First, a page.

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State's legislative year ends quietly, with not much accomplished

New York's 2012 legislative session coasted to a stop Thursday, and voters will hear a lot about it during this fall's legislative elections. Voters will hear how orderly it was and how it avoided long nights of tense, closed-door negotiations and messy floor debates of past years.

Legislators will point to the two-year session, noting several accomplishments, many of them fitting the Albany term of "half a loaf" for falling short of the hype. But several were truly landmarks, including the legalizing same-sex marriage, capping the growth in property taxes and the formation this year of a new agency to protect the disabled in state care.

Voters will hear that all were "historic" moments that eluded past administrations and legislatures.

The 2012 session continued the hype, while the substance faded.

After four years of gridlocking dysfunction involving most of the same people, lawmakers and Gov. Andrew Cuomo have elevated the phrase "simple functioning" into high praise. And they regularly heap it on each other.

At a joint news conference Thursday, Assembly Speaker Sheldon Silver called the session "a record of leadership and achievement unparalleled in recent memory."

Senate Majority Leader Dean Skelos called it "one of the most productive and orderly legislative sessions I've been part of," a span that covers more than 25 years.

And Cuomo tagged it "one of the most successful in modern political history," and "a magnificent accomplishment for the people of New York State" -- who, he advised, could be proud of "such a dramatic turnaround" for the "new New York."

Yet for New Yorkers, unemployment is still at 8.6 percent, and another deficit -- this one $3.4 billion -- is projected by the comptroller in the current state budget, while the state's economic recovery and rise in wages trail the national recovery.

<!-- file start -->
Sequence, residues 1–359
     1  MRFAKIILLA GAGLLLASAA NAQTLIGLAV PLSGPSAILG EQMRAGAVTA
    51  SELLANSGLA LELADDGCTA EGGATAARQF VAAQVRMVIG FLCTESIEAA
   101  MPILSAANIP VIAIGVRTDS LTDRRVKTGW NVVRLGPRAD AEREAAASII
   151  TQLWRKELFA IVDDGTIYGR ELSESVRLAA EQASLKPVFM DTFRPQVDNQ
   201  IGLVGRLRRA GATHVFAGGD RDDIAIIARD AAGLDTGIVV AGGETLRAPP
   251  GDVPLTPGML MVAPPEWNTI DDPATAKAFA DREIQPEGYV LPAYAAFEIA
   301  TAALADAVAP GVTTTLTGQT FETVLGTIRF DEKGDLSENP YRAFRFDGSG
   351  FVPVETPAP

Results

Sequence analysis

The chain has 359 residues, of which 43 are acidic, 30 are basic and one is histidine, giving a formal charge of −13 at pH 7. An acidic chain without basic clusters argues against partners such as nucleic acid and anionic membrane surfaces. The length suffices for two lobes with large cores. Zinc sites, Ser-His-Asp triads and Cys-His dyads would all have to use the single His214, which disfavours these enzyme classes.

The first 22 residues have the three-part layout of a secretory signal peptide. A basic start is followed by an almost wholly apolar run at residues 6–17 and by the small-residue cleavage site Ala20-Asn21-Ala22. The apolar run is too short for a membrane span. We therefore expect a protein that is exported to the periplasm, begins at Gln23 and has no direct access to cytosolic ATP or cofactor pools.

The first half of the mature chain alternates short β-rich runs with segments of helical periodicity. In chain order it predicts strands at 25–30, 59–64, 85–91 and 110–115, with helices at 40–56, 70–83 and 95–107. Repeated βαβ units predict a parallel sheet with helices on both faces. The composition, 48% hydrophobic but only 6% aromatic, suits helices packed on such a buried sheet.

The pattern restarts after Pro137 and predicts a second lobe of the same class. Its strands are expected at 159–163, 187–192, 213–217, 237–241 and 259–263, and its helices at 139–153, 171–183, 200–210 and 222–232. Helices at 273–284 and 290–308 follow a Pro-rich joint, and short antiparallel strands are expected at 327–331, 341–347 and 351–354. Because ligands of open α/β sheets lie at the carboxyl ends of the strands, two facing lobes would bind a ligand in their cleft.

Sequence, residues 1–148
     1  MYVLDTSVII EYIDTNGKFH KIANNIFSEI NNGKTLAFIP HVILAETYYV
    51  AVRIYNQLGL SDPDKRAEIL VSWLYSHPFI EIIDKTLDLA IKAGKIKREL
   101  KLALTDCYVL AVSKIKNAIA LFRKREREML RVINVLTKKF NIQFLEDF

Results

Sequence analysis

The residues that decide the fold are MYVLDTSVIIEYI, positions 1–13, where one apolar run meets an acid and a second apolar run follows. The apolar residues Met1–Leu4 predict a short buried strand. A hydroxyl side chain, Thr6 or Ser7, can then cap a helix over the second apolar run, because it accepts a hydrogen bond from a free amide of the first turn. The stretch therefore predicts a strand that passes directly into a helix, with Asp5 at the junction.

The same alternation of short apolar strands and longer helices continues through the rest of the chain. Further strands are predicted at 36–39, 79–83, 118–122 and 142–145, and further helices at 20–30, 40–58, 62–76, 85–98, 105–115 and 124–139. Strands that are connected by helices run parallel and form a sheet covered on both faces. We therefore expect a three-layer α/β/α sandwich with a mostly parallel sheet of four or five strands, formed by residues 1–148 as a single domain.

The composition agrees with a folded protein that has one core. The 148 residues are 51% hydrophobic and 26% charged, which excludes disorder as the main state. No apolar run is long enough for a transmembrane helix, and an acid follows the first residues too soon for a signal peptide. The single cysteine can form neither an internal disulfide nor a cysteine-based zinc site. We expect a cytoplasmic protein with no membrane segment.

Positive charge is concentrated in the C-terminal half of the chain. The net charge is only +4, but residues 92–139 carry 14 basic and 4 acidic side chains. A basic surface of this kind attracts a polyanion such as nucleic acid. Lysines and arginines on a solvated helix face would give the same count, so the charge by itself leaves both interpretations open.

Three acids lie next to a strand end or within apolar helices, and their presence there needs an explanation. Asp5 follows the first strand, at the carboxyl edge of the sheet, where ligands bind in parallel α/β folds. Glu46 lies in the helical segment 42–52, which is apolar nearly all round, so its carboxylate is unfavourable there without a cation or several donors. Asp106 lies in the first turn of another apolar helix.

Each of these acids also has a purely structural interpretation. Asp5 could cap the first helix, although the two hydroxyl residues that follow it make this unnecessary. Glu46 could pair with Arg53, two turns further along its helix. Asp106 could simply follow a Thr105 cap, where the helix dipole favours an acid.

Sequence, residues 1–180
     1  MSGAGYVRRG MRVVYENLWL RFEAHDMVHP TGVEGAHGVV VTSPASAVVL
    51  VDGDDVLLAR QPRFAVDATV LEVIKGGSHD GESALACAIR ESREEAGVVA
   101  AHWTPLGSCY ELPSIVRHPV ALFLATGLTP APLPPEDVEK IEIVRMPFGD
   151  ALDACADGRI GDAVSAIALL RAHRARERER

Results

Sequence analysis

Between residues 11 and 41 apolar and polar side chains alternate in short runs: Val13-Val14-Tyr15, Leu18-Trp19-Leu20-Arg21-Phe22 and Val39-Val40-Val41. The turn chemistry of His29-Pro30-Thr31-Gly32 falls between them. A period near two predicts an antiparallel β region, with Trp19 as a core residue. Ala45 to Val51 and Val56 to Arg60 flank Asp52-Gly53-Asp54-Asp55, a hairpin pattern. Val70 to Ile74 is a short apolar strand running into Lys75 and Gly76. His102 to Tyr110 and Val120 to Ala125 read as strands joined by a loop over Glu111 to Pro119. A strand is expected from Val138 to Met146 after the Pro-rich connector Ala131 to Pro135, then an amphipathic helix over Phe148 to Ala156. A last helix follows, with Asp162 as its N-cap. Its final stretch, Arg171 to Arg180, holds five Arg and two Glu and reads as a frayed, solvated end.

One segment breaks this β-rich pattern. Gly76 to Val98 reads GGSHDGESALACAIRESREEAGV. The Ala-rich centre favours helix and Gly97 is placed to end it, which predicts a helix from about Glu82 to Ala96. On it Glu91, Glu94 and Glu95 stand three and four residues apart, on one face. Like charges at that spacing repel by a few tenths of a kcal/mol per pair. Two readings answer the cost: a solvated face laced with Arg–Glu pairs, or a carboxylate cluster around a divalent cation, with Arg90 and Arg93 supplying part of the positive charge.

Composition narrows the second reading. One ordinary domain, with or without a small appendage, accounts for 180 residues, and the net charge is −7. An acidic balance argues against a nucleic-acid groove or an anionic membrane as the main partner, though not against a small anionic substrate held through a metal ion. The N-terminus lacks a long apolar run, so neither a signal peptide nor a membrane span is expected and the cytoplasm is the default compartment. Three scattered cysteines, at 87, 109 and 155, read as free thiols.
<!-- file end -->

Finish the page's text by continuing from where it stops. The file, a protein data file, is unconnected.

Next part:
In Cuomo's first year, Senate Republicans and Assembly Democrats were more motivated than ever to overhaul their image as their stock plummeted and leadership became shaky. Cuomo gave them focus, and lawmakers hitched their wagon to him.

And it worked. Gay marriage, a tax cap and a rare cut in actual state spending in an austere state budget were among the changes Cuomo pushed. Polls showed New Yorkers were starting to see New York as being on the right track for the first time in a long time.

This year's public pension reform continued the record. But Cuomo said he had completed 90 percent of his legislative agenda and started trying to lower expectations. The result was that this year fewer bills were passed by both houses than since at least 1914, according to Bill Mahoney of the New York Public Interest Research Group.

Big issues went untouched, including raising the minimum wage, tax breaks to spur job growth, campaign finance reform, microstamping gun identification, proposed natural gas drilling using hydraulic fracturing and Cuomo's own calls to fix the secretive ethics and lobbying board. Too messy. But they are more essential for New Yorkers than just about anything else taken up this year.

On Thursday, Skelos offered the line that Cuomo, Silver and much of the rank-and-file have used repeatedly, though it isn't true: The 2012-13 budget was adopted "without any new taxes or fees." The $2 billion tax increase adopted in December went a long way toward balancing the current budget.

Somehow that increase and the five annual increases adopted for public colleges disappeared, even though Cuomo and Skelos promised through the 2010 campaign and 11 months of 2011 that they were vehemently opposed to higher costs for New Yorkers.

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